We who live in the Western World take so much for granted as we tap into our smartphones and very rarely do we think about how fragile our systems are until we are hit with power outages, such as happened in North America during last year’s “polar vortex”, or last week’s slowing-down of the internet which most people were oblivious to.

We forget how far we’ve come in a very short time, and it is useful to visit places like the Royal Observatory to reflect on these past accomplishments, as well as to exhibitions such as “the Digital Revolution” at the Barbican, which documents not only some of the developments in film, architecture, design, music and game development, but demonstrates the creative possibilities offered by augmented reality, artificial intelligence, wearable technologies and 3-D printing. For those of us who have not only lived through, but have an active interest in, the evolution of digital information technologies, the exhibition was a wonderful reminder of human ingenuity and creativity; for many others it was a demonstration about what is now “real” and no longer “magic”, no longer “the future” but very much the present.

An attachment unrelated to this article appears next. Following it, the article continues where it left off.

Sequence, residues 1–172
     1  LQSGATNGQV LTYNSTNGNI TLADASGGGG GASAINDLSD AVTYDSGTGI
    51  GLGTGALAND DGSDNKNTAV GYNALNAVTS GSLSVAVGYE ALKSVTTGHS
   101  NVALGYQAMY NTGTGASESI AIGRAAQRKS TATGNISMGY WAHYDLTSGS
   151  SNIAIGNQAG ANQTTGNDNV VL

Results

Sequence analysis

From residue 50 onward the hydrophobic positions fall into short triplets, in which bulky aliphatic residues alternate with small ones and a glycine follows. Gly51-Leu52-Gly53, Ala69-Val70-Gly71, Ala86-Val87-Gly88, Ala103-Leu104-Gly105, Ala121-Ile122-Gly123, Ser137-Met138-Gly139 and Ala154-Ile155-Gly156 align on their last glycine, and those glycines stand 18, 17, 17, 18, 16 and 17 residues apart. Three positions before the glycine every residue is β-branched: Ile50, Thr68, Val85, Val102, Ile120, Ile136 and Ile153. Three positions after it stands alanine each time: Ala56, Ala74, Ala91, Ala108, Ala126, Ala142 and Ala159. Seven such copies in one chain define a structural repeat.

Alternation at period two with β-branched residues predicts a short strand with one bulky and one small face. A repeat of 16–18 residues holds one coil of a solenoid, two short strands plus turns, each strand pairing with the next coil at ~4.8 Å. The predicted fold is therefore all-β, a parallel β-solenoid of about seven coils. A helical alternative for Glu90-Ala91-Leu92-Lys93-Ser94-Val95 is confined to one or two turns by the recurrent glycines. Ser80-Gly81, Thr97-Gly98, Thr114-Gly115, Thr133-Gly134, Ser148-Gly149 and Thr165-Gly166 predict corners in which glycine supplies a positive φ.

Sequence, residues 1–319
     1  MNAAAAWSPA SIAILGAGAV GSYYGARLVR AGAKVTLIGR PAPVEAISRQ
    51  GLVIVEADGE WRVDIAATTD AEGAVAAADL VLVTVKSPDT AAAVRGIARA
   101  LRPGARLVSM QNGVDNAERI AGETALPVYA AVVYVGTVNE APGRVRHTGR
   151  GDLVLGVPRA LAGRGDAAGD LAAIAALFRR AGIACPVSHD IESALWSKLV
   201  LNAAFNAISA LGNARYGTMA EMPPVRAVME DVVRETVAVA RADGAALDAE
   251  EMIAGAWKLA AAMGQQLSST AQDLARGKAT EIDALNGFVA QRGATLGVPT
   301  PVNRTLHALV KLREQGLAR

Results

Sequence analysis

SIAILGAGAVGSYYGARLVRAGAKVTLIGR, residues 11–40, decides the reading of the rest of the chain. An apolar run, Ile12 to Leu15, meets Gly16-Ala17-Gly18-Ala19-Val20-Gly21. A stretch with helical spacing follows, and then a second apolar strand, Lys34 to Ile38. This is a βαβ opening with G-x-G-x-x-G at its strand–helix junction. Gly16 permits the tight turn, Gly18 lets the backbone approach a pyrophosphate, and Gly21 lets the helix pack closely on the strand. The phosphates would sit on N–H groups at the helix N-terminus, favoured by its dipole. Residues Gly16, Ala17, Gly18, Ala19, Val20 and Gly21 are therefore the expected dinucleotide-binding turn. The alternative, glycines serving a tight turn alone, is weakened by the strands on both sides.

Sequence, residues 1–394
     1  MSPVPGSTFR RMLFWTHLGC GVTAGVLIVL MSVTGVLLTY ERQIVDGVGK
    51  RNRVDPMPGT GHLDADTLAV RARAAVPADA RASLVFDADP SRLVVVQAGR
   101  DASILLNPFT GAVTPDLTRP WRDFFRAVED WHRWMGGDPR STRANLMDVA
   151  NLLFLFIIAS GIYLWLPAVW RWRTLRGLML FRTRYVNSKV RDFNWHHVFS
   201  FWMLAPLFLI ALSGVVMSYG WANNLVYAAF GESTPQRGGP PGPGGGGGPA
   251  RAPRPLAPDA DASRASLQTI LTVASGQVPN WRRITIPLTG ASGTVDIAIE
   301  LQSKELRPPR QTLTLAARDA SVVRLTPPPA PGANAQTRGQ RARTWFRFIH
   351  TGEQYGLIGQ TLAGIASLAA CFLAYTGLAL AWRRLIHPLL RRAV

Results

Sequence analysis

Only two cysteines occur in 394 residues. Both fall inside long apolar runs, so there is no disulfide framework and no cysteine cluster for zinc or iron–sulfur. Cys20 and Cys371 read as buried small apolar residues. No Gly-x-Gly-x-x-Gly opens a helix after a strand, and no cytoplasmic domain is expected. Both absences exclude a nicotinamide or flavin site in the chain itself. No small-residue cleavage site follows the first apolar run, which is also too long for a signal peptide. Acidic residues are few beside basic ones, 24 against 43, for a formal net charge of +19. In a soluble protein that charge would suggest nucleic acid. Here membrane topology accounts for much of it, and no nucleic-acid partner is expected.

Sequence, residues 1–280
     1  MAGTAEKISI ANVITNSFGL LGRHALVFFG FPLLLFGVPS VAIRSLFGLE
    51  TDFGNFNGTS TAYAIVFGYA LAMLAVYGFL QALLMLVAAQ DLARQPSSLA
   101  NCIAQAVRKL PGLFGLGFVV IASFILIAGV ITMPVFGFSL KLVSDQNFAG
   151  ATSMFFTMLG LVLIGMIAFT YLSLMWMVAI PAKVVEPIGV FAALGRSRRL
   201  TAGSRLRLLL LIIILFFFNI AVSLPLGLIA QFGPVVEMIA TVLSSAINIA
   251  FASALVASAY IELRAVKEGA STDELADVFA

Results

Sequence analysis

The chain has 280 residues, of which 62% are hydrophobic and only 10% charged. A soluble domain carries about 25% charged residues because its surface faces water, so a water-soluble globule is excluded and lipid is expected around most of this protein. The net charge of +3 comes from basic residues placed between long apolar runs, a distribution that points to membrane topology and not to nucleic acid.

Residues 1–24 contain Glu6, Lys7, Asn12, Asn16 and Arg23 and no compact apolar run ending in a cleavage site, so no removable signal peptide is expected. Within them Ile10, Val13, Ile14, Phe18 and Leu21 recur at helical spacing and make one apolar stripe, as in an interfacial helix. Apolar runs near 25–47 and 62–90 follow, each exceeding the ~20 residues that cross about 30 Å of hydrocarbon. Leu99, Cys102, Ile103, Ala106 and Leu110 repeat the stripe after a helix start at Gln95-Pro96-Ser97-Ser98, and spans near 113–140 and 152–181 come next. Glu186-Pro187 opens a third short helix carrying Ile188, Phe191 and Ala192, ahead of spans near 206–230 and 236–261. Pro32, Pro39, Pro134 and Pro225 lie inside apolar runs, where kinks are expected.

The notion of “presence” is hugely important when it comes to remembering and forgetting. As the World remembers the “War to end all Wars”, by commemorating the Centenary of the First World War, this is absolutely the right moment to ask some very important questions about what sort of world we want to create and what sort of future we want to live in, and to determine how best we are going to answer those questions for the benefit of ourselves and future generations.